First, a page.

The world’s vital insect industry is under “death by a thousand cuts,” said the world’s biggest belly experts. Climate change, insecticides, herbicides, light pollution, invasive species and changes in agriculture and land use are likely to cause the Earth to lose 1% to 2% of its insects each year, said University of Connecticut entomologist David Wagner, lead author of the specialty package. of 12 studies in Monday’s Proceedings of the National Academies of Sciences written by 56 researchers from around the world.
The problem, sometimes called the insect apocalypse, is like a jigsaw puzzle. And scientists say they still do not have all the pieces, so they have trouble understanding its enormity and complexity and getting the world to notice and do something.
Wagner said researchers need to find out if the number of insect losses is greater than with other species. “There̵
Co-author and University of Illinois entomologist May Berenbaum, a National Medal of Science winner, said, “Insect decline is comparable to climate change 30 years ago because the methods of assessing the extent, the rate (loss) were difficult.”
Making things worse is that in many cases, people hate bugs even though they pollinate the world’s foods, are essential to the food chain and get rid of waste, she said.
Insects “are definitely the substance with which Mother Nature and the tree of life are built,” Wagner said.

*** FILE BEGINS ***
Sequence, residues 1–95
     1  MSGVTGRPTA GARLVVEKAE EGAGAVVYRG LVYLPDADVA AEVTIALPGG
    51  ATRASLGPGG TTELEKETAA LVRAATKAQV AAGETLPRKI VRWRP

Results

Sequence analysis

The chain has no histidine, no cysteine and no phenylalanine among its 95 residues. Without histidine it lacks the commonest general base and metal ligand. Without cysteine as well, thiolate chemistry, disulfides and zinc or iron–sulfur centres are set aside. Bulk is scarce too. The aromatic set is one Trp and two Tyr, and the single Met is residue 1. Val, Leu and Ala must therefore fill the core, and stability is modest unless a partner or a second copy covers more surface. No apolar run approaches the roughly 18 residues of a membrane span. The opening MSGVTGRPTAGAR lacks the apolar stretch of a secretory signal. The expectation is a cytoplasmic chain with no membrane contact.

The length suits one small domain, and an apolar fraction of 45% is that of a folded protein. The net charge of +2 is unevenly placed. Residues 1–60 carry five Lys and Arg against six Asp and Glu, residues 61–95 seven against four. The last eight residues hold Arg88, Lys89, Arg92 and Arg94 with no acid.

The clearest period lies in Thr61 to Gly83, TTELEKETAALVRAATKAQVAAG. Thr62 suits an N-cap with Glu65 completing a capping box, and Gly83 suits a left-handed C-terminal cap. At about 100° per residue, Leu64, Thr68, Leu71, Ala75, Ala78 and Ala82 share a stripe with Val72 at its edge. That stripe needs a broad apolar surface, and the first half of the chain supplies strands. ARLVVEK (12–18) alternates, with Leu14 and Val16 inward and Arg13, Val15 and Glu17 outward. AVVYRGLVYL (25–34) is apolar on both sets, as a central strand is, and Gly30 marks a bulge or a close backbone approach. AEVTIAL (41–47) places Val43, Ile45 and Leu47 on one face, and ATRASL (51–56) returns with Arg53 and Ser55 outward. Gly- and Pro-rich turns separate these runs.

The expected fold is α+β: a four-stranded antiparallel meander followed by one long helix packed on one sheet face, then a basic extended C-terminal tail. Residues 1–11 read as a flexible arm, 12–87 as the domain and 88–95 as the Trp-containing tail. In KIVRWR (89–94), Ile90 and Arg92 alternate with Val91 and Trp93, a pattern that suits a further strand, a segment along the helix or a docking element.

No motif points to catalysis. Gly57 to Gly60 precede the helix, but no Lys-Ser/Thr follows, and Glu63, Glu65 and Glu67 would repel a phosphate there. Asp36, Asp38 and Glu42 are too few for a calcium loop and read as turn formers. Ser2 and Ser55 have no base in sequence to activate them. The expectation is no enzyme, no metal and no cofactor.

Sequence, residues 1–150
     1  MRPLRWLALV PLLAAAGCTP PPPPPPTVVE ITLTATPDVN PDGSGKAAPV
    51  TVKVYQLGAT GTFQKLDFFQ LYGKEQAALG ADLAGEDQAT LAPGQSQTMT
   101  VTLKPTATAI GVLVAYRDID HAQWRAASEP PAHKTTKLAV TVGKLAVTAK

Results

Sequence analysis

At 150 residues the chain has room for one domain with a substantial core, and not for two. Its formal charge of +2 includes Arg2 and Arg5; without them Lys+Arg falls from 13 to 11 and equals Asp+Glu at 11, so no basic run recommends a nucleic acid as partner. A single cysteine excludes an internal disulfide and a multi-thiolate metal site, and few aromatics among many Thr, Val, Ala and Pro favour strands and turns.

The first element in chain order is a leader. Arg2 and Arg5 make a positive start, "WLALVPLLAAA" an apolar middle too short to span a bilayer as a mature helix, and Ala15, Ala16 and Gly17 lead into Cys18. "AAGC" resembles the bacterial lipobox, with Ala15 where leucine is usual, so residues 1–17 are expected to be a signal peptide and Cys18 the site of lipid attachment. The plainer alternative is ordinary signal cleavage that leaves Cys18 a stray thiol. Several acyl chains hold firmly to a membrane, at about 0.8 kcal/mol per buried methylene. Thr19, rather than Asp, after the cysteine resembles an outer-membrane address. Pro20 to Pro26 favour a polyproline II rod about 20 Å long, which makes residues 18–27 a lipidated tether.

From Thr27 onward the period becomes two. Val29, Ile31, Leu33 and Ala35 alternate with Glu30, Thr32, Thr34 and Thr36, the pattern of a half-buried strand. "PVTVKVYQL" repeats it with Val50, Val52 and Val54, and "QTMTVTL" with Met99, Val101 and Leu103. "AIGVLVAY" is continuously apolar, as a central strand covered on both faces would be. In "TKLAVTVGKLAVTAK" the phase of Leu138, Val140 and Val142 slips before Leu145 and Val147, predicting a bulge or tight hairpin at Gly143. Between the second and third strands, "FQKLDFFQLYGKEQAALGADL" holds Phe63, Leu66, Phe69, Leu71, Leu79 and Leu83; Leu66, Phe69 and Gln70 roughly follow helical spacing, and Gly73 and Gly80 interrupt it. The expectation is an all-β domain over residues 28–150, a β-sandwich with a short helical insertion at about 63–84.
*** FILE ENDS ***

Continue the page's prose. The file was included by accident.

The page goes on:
Two celebrities –and – best illustrates insect problems and decline, he said. Honeybees have been in dramatic decline due to disease, parasites, insecticides, herbicides and lack of food.
Climate change-driven drier weather in the U.S. West means less milk grass for butterflies to eat, Wagner said. And changes in American agriculture are removing the weeds and flowers they need for nectar.
“We are creating a huge biological desert apart from soybeans and corn in a huge area in the Midwest,” he said.
Last month,Tuesday that the monarch bird was a “candidate” for federal designation as an endangered species – but will not receive the designation for several years as there are other priorities.
The number of honey bees has fallen from the “dangerously low” levels of less than 30,000 monarchs in the last two years, the zoo said. “The incredible migration of Western monarchs is a unique but fragile piece of North America’s natural history, and it’s on the verge of collapse,” said Paige Howorth, director of invertebrate care and conservation at San Diego Zoo Global.
Monday’s scientific articles do not contain new data, but still show a large but incomplete picture of a problem that is beginning to gain attention. Researchers have identified 1 million insect species, while probably 4 million more are yet to be discovered, Berenbaum said.
University of Delaware entomologist Doug Tallamy, who was not part of the study, said they highlight how the world has “spent the last 30 years spending billions of dollars on finding new ways to kill insects and just ear that working to preserve them. “
“The good news is, with the exception of climate change, individuals can do much to reverse insect decline,” Tallamy said in an email. “This is a global problem with a grassroots solution.”
Sophie Lewis contributed to this report.